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Author Topic: bitfloor needs your help!  (Read 132464 times)
davout
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October 08, 2012, 07:44:44 AM
 #601

1) Making public information about how he created his cold wallet, or how it is stored, or where it is stored reduces his security.
Security through obscurity is not security.

3) Making them public reduces the effort of a compromise from "breaking into his server, obtaining root access to change permissions on backups, copying backups, finding the password" to "finding the password".  Regardless, no amount of crypto "magic" will allow parts of the encrypted data to be read or even verified, so it would be pointless anyway.  Hashing and encryption are two very different beasts.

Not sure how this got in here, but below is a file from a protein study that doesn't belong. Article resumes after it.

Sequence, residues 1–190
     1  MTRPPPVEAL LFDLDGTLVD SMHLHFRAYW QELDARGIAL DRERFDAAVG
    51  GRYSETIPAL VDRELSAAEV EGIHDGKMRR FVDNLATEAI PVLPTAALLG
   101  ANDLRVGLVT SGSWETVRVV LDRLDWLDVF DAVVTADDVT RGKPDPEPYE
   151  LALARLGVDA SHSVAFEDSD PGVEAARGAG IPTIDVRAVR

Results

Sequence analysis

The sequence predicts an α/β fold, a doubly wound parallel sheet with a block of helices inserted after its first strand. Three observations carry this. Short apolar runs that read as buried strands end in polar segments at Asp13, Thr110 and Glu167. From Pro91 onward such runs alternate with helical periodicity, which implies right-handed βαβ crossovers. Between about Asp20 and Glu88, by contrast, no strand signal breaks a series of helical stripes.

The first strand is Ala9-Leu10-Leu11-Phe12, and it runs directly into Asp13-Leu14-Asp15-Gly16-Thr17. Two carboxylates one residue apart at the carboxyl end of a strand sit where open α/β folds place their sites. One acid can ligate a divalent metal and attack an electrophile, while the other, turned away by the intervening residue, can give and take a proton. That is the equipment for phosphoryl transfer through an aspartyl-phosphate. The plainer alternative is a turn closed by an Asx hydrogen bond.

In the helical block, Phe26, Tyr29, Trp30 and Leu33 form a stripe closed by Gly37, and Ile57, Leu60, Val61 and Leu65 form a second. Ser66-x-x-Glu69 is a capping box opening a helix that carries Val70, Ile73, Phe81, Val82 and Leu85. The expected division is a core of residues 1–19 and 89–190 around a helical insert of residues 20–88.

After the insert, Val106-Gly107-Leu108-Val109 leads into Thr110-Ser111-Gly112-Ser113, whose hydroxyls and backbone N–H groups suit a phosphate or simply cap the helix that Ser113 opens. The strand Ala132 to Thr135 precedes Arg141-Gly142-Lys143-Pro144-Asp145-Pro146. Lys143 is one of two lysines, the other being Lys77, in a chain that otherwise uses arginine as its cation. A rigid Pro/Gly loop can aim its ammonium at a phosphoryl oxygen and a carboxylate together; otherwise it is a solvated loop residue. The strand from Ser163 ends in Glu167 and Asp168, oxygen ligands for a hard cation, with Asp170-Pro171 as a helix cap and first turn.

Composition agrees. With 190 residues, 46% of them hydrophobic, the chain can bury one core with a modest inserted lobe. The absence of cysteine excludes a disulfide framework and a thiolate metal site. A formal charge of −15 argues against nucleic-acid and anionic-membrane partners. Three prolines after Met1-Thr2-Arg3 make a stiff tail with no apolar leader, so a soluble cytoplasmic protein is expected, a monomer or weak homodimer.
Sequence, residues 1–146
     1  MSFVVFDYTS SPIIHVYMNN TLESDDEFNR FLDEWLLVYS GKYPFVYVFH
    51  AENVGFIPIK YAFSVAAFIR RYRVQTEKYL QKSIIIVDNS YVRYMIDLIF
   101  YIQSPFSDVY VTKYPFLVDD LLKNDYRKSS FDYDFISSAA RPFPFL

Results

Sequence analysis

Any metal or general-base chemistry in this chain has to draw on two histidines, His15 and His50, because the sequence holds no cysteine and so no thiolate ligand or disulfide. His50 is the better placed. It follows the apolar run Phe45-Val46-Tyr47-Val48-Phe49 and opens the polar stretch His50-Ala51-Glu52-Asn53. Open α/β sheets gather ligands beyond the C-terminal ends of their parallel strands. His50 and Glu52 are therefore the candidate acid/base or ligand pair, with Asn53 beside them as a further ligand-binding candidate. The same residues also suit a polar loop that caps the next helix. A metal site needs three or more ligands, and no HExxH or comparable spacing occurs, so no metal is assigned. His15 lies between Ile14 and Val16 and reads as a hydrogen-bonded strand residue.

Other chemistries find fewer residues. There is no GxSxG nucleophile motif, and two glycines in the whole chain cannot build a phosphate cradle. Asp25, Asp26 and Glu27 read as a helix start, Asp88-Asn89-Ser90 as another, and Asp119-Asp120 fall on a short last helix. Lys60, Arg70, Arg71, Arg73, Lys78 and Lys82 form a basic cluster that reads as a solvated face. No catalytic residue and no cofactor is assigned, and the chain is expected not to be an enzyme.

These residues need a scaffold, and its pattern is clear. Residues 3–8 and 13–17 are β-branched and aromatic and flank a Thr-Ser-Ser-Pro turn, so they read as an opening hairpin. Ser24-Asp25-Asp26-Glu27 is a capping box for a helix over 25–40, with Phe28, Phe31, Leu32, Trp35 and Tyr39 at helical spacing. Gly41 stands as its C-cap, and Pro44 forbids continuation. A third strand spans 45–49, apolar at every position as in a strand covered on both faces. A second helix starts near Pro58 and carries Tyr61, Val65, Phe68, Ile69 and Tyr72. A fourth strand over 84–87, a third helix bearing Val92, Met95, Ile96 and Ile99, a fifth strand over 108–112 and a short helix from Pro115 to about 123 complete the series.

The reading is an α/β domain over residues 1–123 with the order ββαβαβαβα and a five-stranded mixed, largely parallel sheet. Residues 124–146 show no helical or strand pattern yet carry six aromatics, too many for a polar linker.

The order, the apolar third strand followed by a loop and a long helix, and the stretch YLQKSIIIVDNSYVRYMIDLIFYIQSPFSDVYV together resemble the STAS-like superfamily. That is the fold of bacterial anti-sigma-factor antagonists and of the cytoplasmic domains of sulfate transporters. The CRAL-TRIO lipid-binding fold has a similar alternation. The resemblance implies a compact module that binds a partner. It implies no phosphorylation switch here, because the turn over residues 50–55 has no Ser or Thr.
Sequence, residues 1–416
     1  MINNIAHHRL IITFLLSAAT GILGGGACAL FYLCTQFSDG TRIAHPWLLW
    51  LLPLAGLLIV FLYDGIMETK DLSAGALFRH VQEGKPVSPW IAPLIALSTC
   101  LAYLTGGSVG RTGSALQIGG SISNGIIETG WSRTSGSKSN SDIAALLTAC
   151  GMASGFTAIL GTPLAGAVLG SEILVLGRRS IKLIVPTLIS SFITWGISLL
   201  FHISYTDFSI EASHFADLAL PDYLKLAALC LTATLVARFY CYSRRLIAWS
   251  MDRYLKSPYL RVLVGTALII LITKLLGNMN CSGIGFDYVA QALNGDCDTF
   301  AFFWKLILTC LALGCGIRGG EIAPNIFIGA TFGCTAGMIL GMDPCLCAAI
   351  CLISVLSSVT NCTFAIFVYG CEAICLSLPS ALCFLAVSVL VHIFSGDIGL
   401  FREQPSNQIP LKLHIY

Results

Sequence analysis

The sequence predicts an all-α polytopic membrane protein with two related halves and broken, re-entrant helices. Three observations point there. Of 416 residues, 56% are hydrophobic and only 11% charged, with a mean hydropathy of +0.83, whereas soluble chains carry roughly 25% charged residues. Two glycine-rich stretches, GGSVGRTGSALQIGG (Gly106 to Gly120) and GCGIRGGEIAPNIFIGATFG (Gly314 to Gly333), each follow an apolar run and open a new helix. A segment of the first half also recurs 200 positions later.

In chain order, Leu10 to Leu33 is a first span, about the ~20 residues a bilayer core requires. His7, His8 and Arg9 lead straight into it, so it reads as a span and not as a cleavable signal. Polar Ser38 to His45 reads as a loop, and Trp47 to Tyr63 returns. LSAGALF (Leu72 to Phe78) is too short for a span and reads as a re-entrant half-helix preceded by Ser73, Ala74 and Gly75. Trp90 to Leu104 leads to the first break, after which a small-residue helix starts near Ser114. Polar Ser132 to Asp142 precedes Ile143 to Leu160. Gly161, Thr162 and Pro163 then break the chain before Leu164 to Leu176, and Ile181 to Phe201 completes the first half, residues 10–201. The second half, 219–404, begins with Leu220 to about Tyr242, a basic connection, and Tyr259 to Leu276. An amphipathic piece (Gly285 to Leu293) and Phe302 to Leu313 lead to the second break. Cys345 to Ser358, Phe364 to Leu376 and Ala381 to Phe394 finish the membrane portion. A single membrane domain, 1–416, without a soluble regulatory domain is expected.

Why not ? Say you hash the account identifiers (maybe with a per-account secret), pair them with their balance, sum the balances in a nice report.
Anyone can verify they are in the balance list, no one can look my balance up, I can check that the sum is consistent with the amount in cold storage.
That can also be seen as some sort of backup if properly signed, I'm sure the Bitcoinica folks would have loved to have something like that lying around.

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October 08, 2012, 08:23:34 AM
 #602

1) Making public information about how he created his cold wallet, or how it is stored, or where it is stored reduces his security.
Security through obscurity is not security.

Passwords are security through obscurity, so yes, it is.

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October 08, 2012, 08:09:05 PM
 #603